Later this week I will be flying into Newark airport and after a brief stay with a friend, will be on my way to Cooperstown. I’m going there primarily to see Ken Griffey Jr. get inducted, but Mike Piazza is the other headliner. In honor of his upcoming induction, I thought I’d do a Mascot post for the team whose logo he’ll be wearing (I’d have picked the Dodgers, but hey – I see both ways).
Mascot/Team: Mr. Met (New York Mets, 1964-current)
Background: Mr. Met’s origin is shrouded in a bit of mystery. According to lore, he was born in April 1962 when the Mets played their first game. His first appearance was as a drawing on the yearbook and scorecards for the team’s 2nd year in existence (1963).
Who gets credit for that drawing has been lost to time and history – but there’s an interesting ESPN article about a graphic designer, Rheingold beer and an early sketch. The one thing I’d say – Mr. Red’s use in Cincinnati ballpark souvenirs predates the Mets very existence, so I don’t think anyone can claim Mr. Met’s design as an original idea.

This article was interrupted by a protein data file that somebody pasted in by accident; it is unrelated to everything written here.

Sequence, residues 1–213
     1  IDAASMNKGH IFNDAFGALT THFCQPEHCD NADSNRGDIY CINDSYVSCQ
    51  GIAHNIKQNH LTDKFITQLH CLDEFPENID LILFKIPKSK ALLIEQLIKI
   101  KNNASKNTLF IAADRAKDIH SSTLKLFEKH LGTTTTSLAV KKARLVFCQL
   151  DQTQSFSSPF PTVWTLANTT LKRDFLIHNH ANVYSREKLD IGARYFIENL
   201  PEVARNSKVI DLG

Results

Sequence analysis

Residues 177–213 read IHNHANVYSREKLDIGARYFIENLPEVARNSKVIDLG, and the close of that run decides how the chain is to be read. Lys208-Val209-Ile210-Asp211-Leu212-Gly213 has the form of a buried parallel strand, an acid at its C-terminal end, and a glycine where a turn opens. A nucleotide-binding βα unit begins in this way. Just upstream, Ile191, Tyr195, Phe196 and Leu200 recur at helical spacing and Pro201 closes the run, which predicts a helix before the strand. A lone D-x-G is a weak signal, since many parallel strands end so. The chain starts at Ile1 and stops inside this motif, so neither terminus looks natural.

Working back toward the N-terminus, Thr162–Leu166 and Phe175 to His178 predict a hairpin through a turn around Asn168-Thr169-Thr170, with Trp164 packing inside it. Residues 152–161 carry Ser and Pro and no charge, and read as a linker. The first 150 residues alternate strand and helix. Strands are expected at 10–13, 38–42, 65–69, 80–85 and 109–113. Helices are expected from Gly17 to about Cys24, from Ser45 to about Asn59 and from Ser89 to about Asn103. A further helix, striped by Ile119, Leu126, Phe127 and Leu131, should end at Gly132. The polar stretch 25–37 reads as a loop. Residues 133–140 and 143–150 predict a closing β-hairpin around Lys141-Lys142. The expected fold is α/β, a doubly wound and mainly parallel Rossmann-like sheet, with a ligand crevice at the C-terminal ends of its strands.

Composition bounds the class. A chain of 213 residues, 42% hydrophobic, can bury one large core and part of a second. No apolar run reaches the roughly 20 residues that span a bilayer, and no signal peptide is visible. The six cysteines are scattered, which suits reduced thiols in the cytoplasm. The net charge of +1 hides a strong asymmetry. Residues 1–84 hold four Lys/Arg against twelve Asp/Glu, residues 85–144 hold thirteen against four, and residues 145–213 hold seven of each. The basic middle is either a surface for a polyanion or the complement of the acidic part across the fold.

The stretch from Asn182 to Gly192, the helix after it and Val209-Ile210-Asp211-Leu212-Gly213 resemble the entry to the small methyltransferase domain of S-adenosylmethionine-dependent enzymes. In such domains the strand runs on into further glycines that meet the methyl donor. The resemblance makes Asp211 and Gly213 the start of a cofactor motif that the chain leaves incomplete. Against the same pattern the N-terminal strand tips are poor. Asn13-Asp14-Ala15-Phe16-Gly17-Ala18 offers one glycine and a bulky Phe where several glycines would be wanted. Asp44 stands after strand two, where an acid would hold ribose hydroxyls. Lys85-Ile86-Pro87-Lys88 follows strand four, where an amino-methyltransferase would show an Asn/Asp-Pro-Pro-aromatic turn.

In 1964, Mr. Met became the first MLB live mascot, making his first appearance as the Mets moved into Shea Stadium. Dan Reilly was the man behind the mask for the first years.
He was around for about a decade, then got phased out and was MIA for nearly 20 years. The Mets tried a Mule and no mascot at all for a bit, all while mascots like the Famous Chicken and Philly Phanatic became popular. The Metropolitans brought him back in 1994 via a promotion with Nickelodeon, and he could be found at Shea Stadium once again. He became the first MLB mascot to travel with the team overseas, traveling to Japan to help root his team on against the Cubs in the 2000 season opener.
He moved to Citi Field with the team in 2009, and is still one of the most popular mascots in all of sports.
Outside of baseball: Mr. Met has been featured in quite a few SportsCenter commercials, most notably with his family – Mrs. Met and the kids.
Baseball card connection: Mr. Met has been in a number of the Opening Day Mascot card sets recently, but his first mainstream cardboard appearance was in 2006 as part of Upper Deck’s mascot set.